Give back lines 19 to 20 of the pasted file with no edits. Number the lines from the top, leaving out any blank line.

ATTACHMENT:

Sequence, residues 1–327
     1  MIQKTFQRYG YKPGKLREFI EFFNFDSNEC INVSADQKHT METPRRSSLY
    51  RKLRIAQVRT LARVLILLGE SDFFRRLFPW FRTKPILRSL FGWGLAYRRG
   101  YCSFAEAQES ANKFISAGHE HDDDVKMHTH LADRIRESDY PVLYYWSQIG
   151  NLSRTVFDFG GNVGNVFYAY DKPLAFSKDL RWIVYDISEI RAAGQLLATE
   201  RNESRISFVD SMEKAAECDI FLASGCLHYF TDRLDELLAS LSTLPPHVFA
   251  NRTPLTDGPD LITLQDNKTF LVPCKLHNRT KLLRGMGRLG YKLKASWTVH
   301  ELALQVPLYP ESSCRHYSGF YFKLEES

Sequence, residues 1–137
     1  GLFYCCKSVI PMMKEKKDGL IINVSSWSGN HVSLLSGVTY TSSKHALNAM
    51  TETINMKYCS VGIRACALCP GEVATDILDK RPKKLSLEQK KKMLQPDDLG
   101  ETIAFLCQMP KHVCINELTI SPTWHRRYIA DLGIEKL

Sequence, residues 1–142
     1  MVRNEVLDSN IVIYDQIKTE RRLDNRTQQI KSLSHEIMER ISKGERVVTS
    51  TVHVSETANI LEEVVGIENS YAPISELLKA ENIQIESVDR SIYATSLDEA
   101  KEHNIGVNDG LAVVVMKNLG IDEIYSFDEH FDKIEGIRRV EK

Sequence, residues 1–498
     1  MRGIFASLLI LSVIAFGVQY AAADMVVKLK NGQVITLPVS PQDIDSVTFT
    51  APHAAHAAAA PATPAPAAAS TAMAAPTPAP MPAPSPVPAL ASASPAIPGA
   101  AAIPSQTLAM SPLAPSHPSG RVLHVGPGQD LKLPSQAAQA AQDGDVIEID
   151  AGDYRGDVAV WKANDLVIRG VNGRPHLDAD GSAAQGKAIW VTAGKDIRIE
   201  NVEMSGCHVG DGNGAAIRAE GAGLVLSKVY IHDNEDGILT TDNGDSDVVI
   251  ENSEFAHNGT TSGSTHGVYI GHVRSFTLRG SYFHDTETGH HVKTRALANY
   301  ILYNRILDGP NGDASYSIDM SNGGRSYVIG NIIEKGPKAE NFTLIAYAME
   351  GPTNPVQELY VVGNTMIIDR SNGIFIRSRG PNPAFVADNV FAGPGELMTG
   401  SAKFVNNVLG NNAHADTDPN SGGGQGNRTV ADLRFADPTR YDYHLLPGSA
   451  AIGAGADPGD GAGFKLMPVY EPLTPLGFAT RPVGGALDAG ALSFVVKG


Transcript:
    51  APHAAHAAAA PATPAPAAAS TAMAAPTPAP MPAPSPVPAL ASASPAIPGA
   101  AAIPSQTLAM SPLAPSHPSG RVLHVGPGQD LKLPSQAAQA AQDGDVIEID